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What sort of mathematics for mathematical physics?

  1. Sep 9, 2011 #1
    I am hoping to do mathematical or theoretical physics after my undergraduate science degree. I have been advised to do more maths subjects than physics subjects in order to achieve this. I am double majoring in maths and physics and I am just wondering what area of maths I should be focusing on more. my concern is that I want to leave the door for pure maths open. This means I have the choice of algebra or analysis... Does anyone have any advice on which is more useful in modern mathematical/theoretical physics?
    Thanks
     
  2. jcsd
  3. Sep 9, 2011 #2
    How the hell would we be able to answer this?

    I can think of 30 reasons for why you should pick either one. I suppose it will come down to what you are best at. If you hate analysis and that scares you then drop it.

    Personally algebra would be less use if you want to go into Quantum Mechanics. Even then do Matrix analysis or advanced linear algebra stuff if you can. Analysis overall is probably more useful. Saying that decide which you are at best at or what interests you and then do that. Don't be thinking that it won't be use later on or something is more useful.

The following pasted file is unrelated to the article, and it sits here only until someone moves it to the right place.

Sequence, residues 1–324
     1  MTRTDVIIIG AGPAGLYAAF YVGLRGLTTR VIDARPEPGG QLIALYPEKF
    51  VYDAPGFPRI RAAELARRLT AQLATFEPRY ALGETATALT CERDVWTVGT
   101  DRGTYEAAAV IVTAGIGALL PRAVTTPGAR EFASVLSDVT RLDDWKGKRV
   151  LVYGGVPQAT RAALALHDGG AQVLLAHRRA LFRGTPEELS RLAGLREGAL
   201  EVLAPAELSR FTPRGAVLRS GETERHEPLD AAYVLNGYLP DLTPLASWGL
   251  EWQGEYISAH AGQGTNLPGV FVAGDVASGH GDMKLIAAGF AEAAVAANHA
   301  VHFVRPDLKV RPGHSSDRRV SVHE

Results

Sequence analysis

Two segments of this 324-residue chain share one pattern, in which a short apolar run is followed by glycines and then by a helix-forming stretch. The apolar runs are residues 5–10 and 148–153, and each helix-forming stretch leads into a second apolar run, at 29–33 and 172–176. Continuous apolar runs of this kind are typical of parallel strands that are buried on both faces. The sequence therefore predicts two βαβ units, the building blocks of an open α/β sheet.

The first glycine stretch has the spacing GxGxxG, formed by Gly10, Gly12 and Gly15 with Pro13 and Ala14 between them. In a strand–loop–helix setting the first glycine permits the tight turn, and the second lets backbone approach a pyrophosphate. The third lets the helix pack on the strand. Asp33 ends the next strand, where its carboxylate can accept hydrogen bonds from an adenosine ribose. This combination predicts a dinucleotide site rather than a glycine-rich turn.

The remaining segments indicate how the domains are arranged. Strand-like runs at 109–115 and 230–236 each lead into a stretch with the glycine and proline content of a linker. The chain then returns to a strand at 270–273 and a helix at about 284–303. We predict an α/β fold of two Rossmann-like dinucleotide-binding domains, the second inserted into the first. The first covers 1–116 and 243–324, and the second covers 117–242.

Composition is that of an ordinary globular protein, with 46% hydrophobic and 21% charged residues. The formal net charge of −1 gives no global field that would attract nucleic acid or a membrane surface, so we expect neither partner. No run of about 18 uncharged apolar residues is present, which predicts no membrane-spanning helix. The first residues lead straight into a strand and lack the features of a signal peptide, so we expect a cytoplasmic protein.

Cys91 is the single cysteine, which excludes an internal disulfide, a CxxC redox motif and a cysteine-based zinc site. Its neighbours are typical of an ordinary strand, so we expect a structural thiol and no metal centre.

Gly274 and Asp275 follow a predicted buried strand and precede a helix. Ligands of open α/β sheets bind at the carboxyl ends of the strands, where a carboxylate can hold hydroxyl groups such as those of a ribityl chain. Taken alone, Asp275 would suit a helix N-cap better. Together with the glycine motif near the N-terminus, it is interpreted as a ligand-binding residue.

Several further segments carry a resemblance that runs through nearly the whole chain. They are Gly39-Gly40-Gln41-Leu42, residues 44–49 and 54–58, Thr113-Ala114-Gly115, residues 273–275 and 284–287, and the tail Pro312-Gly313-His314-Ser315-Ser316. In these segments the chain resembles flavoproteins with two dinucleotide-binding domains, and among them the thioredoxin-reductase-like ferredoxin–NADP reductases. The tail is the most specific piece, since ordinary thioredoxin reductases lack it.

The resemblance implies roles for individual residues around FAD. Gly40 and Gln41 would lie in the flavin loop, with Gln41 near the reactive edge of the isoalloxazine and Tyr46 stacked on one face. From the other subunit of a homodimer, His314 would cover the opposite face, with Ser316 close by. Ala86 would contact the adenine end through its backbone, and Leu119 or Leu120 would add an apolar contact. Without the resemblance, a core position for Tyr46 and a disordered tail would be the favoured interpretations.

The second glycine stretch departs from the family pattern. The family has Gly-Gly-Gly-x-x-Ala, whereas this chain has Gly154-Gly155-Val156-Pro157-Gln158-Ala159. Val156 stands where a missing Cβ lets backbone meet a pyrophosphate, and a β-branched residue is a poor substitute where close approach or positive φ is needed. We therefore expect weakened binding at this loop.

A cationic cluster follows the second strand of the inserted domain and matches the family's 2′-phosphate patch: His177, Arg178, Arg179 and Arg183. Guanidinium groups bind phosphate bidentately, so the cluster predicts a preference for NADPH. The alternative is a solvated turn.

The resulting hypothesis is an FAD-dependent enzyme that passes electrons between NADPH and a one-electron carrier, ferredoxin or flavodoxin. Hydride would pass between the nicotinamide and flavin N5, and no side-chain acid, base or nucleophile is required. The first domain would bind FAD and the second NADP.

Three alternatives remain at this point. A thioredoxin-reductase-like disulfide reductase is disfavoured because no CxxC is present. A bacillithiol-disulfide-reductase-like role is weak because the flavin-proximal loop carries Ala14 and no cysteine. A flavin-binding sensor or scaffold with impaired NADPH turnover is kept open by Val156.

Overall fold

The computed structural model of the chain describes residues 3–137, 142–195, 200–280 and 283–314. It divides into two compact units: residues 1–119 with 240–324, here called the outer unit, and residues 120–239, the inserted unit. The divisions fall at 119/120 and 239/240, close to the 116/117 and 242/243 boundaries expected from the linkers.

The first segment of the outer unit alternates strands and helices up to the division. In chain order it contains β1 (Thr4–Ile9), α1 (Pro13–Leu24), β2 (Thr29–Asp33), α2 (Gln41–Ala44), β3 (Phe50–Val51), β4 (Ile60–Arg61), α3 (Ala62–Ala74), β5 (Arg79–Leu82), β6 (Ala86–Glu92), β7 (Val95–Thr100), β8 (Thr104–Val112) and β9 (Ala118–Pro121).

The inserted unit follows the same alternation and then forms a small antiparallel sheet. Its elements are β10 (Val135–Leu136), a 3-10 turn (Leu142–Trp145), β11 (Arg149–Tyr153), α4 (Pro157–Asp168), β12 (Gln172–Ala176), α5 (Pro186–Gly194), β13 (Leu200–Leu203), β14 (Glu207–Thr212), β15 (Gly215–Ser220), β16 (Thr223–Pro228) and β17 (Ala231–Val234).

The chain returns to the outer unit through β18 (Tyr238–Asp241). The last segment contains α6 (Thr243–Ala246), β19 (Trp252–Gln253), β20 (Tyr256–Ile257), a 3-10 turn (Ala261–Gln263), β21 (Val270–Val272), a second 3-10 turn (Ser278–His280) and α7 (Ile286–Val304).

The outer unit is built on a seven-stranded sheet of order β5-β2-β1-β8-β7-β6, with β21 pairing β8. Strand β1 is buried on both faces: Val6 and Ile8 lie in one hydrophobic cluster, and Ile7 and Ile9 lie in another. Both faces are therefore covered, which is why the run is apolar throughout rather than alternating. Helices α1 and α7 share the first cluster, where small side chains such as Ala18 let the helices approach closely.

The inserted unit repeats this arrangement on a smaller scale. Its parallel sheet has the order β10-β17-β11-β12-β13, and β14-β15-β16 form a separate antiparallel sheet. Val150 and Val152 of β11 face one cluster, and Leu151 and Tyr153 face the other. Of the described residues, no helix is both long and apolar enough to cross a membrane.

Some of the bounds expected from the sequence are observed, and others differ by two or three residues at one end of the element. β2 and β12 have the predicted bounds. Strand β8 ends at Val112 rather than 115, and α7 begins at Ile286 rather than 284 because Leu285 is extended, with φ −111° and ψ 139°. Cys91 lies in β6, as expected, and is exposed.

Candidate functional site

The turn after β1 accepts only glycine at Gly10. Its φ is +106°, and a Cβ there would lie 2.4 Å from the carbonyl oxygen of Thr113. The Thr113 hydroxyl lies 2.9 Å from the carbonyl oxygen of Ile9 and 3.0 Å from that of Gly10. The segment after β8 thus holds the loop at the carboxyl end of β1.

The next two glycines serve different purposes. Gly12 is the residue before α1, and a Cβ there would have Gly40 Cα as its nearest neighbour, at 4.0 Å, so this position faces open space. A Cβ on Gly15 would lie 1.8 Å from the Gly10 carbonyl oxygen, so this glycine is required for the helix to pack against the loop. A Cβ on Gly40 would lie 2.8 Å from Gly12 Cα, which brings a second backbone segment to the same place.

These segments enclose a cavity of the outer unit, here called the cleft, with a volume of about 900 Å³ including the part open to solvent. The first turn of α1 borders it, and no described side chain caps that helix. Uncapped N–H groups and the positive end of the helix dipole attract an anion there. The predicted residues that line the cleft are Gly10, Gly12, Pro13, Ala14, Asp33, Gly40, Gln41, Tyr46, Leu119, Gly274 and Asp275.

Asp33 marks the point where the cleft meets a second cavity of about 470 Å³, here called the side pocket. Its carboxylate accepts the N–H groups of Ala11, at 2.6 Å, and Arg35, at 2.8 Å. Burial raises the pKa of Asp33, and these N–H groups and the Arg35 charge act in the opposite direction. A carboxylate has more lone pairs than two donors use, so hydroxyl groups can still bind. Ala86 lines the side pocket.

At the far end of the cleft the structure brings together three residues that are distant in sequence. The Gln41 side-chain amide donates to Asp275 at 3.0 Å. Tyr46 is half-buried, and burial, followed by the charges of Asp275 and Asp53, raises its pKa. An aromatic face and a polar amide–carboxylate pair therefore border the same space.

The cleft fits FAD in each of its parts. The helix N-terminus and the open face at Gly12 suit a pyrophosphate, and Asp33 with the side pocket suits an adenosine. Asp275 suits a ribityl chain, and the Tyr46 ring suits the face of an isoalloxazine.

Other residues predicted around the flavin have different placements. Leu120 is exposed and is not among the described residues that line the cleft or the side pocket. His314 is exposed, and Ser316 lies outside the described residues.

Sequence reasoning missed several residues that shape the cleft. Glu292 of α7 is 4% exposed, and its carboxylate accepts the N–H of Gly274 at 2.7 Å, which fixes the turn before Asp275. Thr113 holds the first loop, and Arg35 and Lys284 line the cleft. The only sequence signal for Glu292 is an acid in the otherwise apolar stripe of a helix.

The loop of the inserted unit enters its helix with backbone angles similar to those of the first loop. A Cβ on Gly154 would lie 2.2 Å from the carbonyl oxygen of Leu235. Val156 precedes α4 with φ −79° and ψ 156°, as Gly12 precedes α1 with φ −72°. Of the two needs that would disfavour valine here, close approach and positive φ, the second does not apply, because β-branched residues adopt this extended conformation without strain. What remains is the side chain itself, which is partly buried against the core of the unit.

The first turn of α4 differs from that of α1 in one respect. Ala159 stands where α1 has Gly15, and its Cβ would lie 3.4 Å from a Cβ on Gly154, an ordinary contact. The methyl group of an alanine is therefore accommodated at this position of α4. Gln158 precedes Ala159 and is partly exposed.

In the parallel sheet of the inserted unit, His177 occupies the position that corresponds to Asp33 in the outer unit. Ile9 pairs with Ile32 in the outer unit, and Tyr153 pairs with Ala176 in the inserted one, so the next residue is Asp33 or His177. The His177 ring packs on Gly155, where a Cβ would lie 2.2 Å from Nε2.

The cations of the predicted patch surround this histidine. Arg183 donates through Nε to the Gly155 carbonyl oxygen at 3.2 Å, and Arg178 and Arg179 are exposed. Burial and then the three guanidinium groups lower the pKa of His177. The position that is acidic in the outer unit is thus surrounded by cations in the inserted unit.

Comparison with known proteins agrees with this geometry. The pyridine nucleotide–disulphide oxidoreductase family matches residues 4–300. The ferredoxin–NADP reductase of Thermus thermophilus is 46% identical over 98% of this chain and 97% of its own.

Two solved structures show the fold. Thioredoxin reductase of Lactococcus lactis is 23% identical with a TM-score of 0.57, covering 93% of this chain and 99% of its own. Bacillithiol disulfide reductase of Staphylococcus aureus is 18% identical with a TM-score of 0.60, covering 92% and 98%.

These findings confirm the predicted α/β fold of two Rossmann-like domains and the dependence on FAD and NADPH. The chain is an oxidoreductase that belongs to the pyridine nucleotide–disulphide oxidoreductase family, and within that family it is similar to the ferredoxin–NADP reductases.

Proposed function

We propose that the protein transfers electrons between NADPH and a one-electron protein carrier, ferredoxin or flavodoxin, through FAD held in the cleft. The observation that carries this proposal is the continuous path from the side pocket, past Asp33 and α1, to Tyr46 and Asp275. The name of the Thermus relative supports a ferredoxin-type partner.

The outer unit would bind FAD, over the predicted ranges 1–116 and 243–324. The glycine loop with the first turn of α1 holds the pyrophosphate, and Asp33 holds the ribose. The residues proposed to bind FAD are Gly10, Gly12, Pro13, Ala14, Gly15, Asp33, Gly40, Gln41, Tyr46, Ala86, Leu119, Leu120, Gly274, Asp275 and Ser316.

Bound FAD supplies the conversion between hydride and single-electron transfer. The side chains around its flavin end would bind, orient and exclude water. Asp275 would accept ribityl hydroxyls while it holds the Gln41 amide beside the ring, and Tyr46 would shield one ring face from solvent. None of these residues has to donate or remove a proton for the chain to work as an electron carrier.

Problems usually have multiple ways to attack it. Which, makes your choices not important.
     
  4. Sep 10, 2011 #3

    MathematicalPhysicist

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    Gold Member

    If you can only pick one of the two, Analysis or Algebra you should pick the one that you think you'll enjoy more.

    P.S
    You'll need to know both at least as far as Bsc studies goes in order to procceed to advanced studies.

    I have taken courses in Functional Analysis and Differential Geometry, there are always algebraic structures luring there.
    (be it Ideals in FA or tensors in DG).
     
  5. Sep 10, 2011 #4
    You will probably find analysis, geometry, and linear algebra most useful for a long time. You should learn some algebra eventually too, however. For much of classroom-based physics, your instructor will introduce ideas as necessary.
     
  6. Sep 21, 2011 #5
    you need lie algebra for mathematical physics.
     
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